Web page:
Research has ratted us out.  As members of the health care work force, we are failing at our own game.  A study conducted by Truven Health Analytics compared the health of 740,000 hospital employees to 25 million individuals making up the general American workforce.  What did they find?

The results of this study are bleak if you are a hospital employee.  According to this study, 44 percent of the general workforce is considered healthy compared to just 35 percent of health care workers.  Hospital employees are more likely to be diagnosed with medical conditions like asthma and depression when compared to the rest of the American workforce.  Hospital employees are also a whopping 46 percent more likely to be obese.  Additionally, hospital employees are less likely to receive preventative health screenings like cholesterol testing, mammograms and colonoscopies.

These results seem unexpected but authors of the study say they aren’t surprised by their findings.  Dr. Mike Taylor, national business-medical leader for Truven Health, states “Although we can’t say for certain, some theories are that hospital workers are very much involved in patient care and sometimes at the expense of themselves”.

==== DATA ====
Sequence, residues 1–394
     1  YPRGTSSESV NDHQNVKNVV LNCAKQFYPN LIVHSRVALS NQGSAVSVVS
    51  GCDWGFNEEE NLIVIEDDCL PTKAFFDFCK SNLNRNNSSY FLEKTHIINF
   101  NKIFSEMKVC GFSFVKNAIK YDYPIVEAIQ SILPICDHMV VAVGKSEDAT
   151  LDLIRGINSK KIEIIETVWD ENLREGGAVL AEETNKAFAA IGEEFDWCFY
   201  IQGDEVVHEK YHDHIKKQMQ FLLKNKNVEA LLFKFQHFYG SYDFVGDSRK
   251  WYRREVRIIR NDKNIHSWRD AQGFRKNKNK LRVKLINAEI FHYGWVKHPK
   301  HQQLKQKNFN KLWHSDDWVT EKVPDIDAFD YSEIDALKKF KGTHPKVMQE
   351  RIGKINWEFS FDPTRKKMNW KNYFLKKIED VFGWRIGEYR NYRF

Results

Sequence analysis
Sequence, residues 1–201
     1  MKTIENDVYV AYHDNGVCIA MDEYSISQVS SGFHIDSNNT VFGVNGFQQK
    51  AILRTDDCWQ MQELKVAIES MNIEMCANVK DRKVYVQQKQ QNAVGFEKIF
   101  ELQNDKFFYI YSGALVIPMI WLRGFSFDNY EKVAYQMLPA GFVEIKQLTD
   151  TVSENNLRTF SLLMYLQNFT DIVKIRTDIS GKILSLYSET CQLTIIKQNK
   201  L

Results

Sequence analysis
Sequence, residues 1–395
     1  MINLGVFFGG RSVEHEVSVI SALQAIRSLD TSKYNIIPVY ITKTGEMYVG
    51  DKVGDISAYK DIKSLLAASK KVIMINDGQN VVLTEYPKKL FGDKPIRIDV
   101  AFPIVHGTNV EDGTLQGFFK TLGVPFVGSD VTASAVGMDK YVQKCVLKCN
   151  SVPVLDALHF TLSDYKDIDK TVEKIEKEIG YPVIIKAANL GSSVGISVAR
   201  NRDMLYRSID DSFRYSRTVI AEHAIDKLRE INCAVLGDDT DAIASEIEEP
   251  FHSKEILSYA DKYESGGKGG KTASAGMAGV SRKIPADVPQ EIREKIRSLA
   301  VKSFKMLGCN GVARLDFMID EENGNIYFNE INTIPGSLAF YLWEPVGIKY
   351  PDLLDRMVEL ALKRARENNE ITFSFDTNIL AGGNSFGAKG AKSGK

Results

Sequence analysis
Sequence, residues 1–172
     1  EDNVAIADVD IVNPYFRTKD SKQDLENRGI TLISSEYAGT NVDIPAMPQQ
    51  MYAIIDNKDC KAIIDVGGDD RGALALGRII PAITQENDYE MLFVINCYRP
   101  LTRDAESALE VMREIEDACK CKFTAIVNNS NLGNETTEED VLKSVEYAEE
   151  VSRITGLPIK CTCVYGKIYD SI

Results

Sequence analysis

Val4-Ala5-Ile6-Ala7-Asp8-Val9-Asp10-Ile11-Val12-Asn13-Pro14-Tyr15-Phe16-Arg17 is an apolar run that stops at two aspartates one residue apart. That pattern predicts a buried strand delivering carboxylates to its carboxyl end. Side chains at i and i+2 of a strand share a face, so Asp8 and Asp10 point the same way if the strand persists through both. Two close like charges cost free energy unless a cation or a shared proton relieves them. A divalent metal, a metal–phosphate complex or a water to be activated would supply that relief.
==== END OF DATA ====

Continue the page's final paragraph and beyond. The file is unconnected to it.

Regardless of the reasoning behind our poor health, the healthcare workforce needs to get in gear.  We must practice what we preach.  You wouldn’t get your hair done by a stylist who personally sports an uneven cut or take exercise advise from a cellulite-ridden aerobics instructor.  So why are we expecting our patients to make healthy lifestyle changes when we aren’t performing ourselves?  Yes, working in health care is challenging.  But so are many other careers.  Let’s hang up the excuses and instead dig the old gym clothes out of the back of our closets.

Why do you think we as the health care workforce are failing in regards to our own personal health?  Do you think a change is necessary?

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